Global Lens Reflections on life, the universe, and everything


United Methodist activists form a human shield to block a demonstrator from the Westboro Baptist Church on May 4 outside the 2012 United Methodist General Conference in Tampa, Florida. The United Methodists belong to a group that supports the full inclusion of gays and lesbians in the life of the church, while the Westboro demonstrators travel widely with their anti-homosexual agenda.

When I heard this week that the hatemongers from Westboro Baptist Church were coming to the United Methodist General Conference in Florida, an event I was covering for the denomination’s news service, I felt caught in a dilemma. I’ve photographed these idiots before, and they are beyond despicable. And yet every time a photographer shows up to shoot one of their activities, it merely feeds their sick egos. I can’t help but wonder what would happen if we all just ignored them. They very well might go away. On the other hand, their presence is news in itself, and I’m uncomfortable deciding a group doesn’t warrant coverage just because I disagree with them. So I was really torn.

But when they showed up, they were quickly blockaded by a human shield of people from the coalition of progressive groups that hung out in a huge tent across from the convention center. They turned their backs on the homophobic thugs and encouraged people to move along, that there was nothing there to see. I think it worked effectively, and it allowed me to capture images in which no longer was hate speech the focus, but rather the calm demeanor of people who nonviolently resist hatred. I’ll gladly take photos of that any day.

It was also a sort of iconic image for the entire 11-day conference, in which on vote after vote, the forces of exclusion and oppression found majority support. In a plenary debate, an African delegate called gay people names that the interpreter would only translate after apologizing. On the unsuccessful proposal to divest from corporations benefitting from the Israeli occupation of Palestinian lands, speakers rewrote history, echoing a blind Zionism and issuing appeals to a jihad against Muslims. And so on, day after day. Although as a visual communicator I only kept one ear tuned to the words being uttered, much of what I heard was ignorant, arrogant, and hateful.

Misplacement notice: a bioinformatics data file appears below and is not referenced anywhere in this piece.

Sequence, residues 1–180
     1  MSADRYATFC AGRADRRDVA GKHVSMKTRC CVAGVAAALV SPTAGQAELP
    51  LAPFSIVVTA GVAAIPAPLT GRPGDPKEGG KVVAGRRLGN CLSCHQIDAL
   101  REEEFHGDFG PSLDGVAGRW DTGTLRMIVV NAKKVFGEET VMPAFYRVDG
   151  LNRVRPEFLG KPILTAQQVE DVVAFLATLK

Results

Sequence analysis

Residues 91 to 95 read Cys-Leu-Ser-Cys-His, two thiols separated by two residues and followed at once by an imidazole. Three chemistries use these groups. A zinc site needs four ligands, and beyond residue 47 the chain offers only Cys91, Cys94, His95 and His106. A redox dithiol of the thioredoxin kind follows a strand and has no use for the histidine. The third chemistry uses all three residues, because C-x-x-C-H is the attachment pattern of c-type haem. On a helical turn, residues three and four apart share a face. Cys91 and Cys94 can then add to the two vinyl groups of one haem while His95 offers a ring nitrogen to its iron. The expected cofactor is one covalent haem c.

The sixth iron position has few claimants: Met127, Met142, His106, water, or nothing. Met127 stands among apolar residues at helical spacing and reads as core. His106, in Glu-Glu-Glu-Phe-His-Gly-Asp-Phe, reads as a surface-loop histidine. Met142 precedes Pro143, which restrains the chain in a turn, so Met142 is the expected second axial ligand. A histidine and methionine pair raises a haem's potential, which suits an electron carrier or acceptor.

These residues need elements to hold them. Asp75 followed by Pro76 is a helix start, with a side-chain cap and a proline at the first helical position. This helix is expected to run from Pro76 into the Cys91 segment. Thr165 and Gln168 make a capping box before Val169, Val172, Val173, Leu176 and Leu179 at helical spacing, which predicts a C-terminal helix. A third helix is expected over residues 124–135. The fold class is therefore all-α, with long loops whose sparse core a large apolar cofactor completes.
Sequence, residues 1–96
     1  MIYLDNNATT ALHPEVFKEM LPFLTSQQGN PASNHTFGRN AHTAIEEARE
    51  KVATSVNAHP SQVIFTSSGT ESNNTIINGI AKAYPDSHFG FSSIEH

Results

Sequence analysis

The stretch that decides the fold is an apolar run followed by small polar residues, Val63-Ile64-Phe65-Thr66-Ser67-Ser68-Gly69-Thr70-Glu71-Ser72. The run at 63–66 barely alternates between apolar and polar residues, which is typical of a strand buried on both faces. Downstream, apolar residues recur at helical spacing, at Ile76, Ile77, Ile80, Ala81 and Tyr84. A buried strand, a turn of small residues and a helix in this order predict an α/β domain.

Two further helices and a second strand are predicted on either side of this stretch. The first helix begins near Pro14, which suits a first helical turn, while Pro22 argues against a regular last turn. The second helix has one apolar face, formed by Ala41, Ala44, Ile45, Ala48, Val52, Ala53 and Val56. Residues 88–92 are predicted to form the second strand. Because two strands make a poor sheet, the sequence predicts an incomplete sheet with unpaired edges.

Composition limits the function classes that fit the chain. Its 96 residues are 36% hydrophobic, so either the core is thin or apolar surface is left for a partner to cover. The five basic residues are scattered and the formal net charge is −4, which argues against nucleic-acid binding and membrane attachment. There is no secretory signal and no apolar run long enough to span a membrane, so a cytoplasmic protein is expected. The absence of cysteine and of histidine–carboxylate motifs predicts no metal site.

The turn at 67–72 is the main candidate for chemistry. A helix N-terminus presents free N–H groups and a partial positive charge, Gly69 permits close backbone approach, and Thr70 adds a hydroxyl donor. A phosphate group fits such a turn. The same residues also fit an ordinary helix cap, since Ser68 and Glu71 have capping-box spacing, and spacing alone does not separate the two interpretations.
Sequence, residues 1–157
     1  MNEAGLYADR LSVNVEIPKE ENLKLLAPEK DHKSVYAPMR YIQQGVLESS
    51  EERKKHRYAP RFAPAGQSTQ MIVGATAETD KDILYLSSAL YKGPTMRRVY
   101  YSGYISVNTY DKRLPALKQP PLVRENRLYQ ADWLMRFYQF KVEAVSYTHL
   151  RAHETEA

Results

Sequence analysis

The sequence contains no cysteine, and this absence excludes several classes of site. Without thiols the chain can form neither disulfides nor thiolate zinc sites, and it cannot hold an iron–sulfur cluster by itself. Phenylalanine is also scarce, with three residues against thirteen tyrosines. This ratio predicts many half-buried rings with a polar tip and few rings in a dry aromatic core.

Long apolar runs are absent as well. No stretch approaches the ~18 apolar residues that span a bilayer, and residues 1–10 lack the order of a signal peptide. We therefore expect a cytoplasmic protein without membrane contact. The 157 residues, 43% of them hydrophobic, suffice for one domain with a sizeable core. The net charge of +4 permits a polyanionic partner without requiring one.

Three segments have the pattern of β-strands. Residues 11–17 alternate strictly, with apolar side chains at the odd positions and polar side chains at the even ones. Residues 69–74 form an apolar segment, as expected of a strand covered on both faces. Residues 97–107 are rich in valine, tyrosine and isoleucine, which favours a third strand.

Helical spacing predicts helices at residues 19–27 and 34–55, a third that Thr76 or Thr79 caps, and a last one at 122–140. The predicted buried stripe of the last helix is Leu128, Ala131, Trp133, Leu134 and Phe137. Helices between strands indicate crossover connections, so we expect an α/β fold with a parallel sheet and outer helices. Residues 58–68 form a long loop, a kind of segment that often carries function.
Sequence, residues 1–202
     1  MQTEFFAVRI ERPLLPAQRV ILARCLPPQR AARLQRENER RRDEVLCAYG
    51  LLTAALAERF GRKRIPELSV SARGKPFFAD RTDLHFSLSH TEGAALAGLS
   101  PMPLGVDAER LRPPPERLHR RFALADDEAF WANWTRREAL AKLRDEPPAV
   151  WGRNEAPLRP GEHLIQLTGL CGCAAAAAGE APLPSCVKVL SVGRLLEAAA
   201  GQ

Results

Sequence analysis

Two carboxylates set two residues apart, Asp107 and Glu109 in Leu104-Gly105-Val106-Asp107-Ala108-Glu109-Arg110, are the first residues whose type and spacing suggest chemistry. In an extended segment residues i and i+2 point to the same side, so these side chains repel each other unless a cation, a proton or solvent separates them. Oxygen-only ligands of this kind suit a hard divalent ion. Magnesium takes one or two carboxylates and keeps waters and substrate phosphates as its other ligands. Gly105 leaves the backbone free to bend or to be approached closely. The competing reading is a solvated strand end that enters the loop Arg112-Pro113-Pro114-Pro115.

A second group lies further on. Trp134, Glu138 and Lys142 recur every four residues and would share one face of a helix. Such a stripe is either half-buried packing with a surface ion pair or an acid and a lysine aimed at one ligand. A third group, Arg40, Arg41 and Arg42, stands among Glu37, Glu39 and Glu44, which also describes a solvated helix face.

But that’s not the whole picture. Just like the sisters and brothers who turned their backs on the Westboro folks, taking a stand for love and tolerance, so are many in the denomination maintaining their steady vigil in favor of a church that’s truly characterized by open minds, open hearts, and open doors. They stood at the sides of the conference hall, quietly praying for conversion of a church that’s increasingly captive to cultural racism. They sat in the plenary as delegates, speaking when they could a word of hope. They are so many colleagues and friends in so many churches and communities around the globe who work unstintingly for justice. They are our gay and lesbian sisters and brothers who only want the freedom to love who they want. They are the poor, who call us all to understand the Gospel as it is incarnated through their lives and struggles. They are the real picture worth taking every day.

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